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Grad at Grad: Juliette '18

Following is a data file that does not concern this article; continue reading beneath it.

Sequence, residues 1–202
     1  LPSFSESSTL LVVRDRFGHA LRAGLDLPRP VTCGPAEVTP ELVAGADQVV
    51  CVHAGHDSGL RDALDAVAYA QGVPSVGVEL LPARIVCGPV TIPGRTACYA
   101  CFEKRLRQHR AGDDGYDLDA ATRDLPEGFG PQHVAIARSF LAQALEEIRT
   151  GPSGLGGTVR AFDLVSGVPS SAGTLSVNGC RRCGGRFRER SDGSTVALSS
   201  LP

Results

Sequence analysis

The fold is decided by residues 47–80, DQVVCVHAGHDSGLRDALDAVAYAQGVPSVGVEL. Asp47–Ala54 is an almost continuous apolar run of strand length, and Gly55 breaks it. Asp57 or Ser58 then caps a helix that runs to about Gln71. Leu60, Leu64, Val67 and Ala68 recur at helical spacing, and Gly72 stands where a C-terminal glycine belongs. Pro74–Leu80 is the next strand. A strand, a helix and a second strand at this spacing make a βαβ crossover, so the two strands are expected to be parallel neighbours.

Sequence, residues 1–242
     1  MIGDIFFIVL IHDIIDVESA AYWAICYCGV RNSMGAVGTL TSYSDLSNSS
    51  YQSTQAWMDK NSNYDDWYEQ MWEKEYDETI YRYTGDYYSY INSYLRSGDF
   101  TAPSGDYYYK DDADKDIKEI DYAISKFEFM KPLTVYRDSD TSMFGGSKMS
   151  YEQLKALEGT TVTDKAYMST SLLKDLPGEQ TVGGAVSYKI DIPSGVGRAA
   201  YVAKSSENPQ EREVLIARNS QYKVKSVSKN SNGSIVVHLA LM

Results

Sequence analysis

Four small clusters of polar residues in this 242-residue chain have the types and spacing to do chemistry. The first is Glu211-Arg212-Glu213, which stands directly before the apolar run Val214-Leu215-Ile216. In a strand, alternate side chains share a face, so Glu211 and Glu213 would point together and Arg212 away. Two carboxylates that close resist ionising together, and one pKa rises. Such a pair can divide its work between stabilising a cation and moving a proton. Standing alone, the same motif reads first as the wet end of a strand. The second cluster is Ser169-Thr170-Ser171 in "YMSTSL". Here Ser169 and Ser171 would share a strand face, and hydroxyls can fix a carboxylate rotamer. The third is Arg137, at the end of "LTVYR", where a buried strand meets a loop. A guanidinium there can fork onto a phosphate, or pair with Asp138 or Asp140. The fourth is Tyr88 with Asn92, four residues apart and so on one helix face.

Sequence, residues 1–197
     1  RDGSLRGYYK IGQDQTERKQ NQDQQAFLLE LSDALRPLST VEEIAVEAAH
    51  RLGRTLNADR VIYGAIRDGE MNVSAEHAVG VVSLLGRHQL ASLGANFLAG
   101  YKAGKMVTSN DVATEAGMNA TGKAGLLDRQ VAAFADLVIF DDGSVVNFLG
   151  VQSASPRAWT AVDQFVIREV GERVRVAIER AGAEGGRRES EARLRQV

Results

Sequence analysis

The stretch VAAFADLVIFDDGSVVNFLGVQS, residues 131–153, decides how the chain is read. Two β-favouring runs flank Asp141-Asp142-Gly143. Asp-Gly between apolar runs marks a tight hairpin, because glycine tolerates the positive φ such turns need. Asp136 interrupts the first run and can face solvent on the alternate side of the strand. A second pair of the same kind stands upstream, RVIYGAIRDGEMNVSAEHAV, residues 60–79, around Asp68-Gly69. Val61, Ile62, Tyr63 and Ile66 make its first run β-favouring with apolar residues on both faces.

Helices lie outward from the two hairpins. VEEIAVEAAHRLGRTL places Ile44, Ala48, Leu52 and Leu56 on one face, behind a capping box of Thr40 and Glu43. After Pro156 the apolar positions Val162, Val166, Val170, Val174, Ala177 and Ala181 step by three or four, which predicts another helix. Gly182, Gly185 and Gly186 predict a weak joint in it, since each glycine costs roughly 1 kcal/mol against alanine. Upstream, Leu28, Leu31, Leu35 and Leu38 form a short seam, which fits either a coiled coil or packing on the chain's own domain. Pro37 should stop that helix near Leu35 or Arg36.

Hi, my name is Juliette and I may look like a freshman, but I’m a senior. For those of you who don’t know me, I came to Loyola as a junior transfer student from Montreal, Canada. (You’ll probably notice the accent.) I’m here today to share my experiences of becoming committed to doing justice, or how I’ve learned what that means and how to be committed to doing justice in my life. My experience started before moving to New York City, although Loyola has had a big role to play in my growth. I’ve always been an empathetic person, someone with others in mind, who wants to help others, even in the smallest ways. I used to go to a school where there weren’t that many formal opportunities to do so, but there was a service trip to Nicaragua. I knew I wanted to go, but my sister kept telling me over and over again that on a trip like that we weren’t doing anything and that we were pretty much useless. I didn’t listen to her (although I in some ways I believed her) and went on the trip anyway. It was a hard trip. I cried everyday while we were there and for two weeks when I came back. Sometimes I cried because it was some of the most amazing ten days of my life, but sometimes because I had never seen poverty like that and it was really hard to witness this other reality. I had seen kids who never get to eat, so they would run to us with the biggest smiles on their faces for a tiny portion of food, something I eat at least ten times in a day. Or children who don’t go to school and beg on the street instead. But also kids who are eager to learn and scream out of happiness because they get to do math. Or kind people who would miss whatever they’re usually doing on a regular day to come help some strangers build a garden. I cried because I was shocked and I cried because I had so much to learn from the people I met, but so little time. It was a great experience and when I looked for schools in New York I hoped I would get a chance to do service more often, without having to travel to another continent. I started going to Loyola two months after coming back from Nicaragua and it was really hard. As some of you know, I was going to leave for senior year. My mind was set on going back home. But I decided to stay, and it’s one of, if not the best decision I’ve made in my life. I stayed because I knew I was going to regret leaving. I was going to miss my friends and there were things I could’ve done but hadn’t done in junior year. Over the past two years here, but especially this year, when I decided to say “yes” to a lot more things and to be more open-minded, my dedication as well as understanding of being committed to doing justice changed a lot. This year, I decided to go the Ignatian Family Teach-In for Justice. It was an amazing weekend. I got to see hundreds of other students from all over the country who are passionate about issues like me and I got to hear from leaders who are doing incredible things and are truly affecting their communities. It was at the Teach-In that I truly understood what it meant to go to a Jesuit school, and how it played a role in my growth towards being committed to doing justice. That weekend, I began to see the connection between God and the work for justice, and how you